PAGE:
Otherwise, Ed Oregeron showed a lot of people something with what he did in a short time at USC and it might be worth keeping an eye on Duke’s David Cutcliffe. I wouldn’t write Chris Petersen off, either, although he’d have to think twice about trying to raise a family in Seattle.

      • art thiel

        Orgeron got a happy bounce from not being Kiffin. He’s not head coaching material. Tressel is damaged goods. As far as Peterson, the Medina waterfront is not Seattle, and especially not Boise.

    • art thiel

      Every fan base, like every recruit, wants to believe the pabulum from coaches who talk about family, community, loyalty, history, tradition. It’s all crap. They are mercenaries, but aren’t allowed to tell the truth because it would kill recruiting.

  • Effzee

    Can you imagine being Woodward right now? He can have Nussmeier, Petersen, maybe Pinkel (remember Sark said he was staying at UW in the days leading up to the Apple Cup, just as Pinkel did this morning), and who knows who else? Babs pulled the super-double-secret whammy hire in Neuweasel, and Dan Quinn said on KJR that UW approached even him about the vacancy. This is such a huge hire. I mean…. I don’t know how in the hell to pick one guy from the field of reportedly interested candidates. I guess that’s why Woodward gets the big bucks. He obviously found the best (and only?) guy to take over for Losingham. Now its almost as if he gets his pick of the litter. My guy is still Nussmeier, because of the familiarity with the current roster and the success under DJ-disciple Saban. But who knows, maybe I’m not even thinking big enough here….

    • art thiel

      I think Woodward will wait until after the final games Saturday and make a play for someone not named Peterson or Nussmeier. If Woodward is turned down, he has those two for fallback.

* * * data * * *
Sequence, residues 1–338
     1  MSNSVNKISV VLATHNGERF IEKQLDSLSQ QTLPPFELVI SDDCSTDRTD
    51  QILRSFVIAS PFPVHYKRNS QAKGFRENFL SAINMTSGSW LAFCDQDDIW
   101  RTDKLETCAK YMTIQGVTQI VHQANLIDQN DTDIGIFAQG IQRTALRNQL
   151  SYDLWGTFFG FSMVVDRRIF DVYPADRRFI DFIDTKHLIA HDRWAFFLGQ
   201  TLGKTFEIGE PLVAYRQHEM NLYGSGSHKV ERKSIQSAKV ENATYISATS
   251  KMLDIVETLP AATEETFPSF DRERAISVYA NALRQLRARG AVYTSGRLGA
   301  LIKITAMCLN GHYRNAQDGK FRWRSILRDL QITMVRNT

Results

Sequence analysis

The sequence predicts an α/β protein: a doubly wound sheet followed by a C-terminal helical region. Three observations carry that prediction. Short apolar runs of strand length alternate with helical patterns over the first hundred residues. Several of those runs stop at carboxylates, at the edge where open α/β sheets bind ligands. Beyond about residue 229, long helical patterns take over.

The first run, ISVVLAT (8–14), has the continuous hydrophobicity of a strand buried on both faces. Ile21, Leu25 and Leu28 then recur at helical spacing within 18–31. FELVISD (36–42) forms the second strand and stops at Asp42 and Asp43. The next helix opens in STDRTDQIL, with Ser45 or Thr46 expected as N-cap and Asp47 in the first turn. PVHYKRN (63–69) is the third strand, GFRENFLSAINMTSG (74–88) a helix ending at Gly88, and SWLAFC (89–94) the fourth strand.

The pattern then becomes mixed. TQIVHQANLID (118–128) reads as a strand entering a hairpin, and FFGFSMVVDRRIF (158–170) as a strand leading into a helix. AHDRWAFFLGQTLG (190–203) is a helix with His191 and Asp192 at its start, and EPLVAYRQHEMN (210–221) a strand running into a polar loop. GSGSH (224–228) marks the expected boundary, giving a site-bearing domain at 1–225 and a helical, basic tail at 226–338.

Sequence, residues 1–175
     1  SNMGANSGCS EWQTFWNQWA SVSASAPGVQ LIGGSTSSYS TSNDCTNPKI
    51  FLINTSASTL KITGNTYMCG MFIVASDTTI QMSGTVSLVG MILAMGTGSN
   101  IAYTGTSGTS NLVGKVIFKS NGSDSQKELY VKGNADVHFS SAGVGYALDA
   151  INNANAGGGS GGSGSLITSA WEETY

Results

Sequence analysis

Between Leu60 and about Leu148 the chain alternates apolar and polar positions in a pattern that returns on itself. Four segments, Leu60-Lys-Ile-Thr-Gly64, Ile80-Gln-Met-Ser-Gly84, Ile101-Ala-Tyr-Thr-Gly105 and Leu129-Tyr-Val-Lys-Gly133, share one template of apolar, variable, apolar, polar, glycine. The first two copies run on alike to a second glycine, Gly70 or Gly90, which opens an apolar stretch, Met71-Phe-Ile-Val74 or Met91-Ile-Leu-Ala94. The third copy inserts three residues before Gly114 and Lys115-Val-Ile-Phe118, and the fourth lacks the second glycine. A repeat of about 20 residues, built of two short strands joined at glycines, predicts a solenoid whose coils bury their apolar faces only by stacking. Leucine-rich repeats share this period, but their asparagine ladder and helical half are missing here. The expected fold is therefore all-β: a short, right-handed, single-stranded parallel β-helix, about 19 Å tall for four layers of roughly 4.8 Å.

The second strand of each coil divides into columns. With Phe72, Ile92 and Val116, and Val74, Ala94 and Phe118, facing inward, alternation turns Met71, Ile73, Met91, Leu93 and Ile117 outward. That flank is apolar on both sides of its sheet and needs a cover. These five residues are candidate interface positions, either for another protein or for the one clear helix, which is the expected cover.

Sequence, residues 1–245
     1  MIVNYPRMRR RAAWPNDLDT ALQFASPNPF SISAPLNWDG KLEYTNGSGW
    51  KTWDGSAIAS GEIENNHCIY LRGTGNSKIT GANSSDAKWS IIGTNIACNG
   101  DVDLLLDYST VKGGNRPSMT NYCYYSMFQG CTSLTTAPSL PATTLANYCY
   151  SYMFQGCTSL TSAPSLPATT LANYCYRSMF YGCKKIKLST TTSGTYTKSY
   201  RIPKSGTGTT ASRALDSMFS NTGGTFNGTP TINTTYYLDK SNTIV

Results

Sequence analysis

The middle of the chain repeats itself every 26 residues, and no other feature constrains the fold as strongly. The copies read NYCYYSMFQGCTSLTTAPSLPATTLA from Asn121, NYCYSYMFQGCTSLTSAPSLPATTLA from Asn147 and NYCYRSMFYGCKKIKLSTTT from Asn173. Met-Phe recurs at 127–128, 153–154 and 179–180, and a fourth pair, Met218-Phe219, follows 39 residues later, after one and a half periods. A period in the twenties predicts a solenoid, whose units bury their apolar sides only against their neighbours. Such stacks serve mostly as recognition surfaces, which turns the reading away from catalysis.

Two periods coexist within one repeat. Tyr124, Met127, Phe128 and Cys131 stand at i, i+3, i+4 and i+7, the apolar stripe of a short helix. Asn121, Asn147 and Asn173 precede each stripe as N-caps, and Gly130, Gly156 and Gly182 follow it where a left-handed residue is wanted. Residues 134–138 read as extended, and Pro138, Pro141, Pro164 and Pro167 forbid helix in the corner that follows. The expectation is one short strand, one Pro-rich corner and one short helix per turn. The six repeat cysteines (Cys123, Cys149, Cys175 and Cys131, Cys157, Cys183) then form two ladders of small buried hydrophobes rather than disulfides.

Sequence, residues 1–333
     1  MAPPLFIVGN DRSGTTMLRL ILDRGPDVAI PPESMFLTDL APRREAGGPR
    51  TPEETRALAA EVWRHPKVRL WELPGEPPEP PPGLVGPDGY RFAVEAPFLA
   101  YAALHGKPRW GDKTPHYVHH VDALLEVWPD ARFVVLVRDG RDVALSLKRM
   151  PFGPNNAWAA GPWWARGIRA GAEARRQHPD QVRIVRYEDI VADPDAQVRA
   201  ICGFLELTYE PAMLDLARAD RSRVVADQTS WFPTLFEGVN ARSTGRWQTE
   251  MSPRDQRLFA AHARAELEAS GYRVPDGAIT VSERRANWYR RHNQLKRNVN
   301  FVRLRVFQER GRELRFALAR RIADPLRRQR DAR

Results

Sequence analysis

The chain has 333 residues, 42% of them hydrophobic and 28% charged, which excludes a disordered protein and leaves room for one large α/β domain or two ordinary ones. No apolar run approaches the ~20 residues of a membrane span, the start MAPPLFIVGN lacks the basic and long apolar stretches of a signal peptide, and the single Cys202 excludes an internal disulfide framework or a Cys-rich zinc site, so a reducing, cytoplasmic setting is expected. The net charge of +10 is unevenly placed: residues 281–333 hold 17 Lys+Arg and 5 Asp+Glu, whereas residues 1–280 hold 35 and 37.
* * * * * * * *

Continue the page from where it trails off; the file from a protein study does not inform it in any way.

• wes

    Nobody seems to be talking about Gary Patterson at TCU…

  • huskygrad96

    Let’s see how Marques Tuiasosopo does as interim head coach. Is a permanent head coaching job a big step for him? Maybe. He’s been around Sark and seen how to run the program. He coached with and played for Rick Neuheisel. Both coaches think highly of him and his potential. Can he handle a head coaching job? Anyone want to bet against him? He was a leader for the UW when he was a player. Once a leader, always a leader. As a coach, he is well liked and respected by the team. Demanding. Smart. Focused. Passionate about the UW program. A good recruiter. A NW native from a football family. Crazy? Not so sure.

    • art thiel

      So much about head coaching is organizational management and delegation, which isn’t a mystery but needs to be experienced. He’s never run a program at any level, and it was a weakness in Sarkisian. Someday, maybe, but not this program now.

  • ll9956

    Although he doesn’t pass the “over 50″ criterion, my pick for UW is still Justin Wilcox, if he can resist the courtship of Sark. His long term career prospects would be enhanced if he had some head coaching experience under his belt rather than a repeat gig as DC at USC.

    • art thiel

      Previous head coaching experience should be a mandatory minimum for this hire. Minimize the learning curve.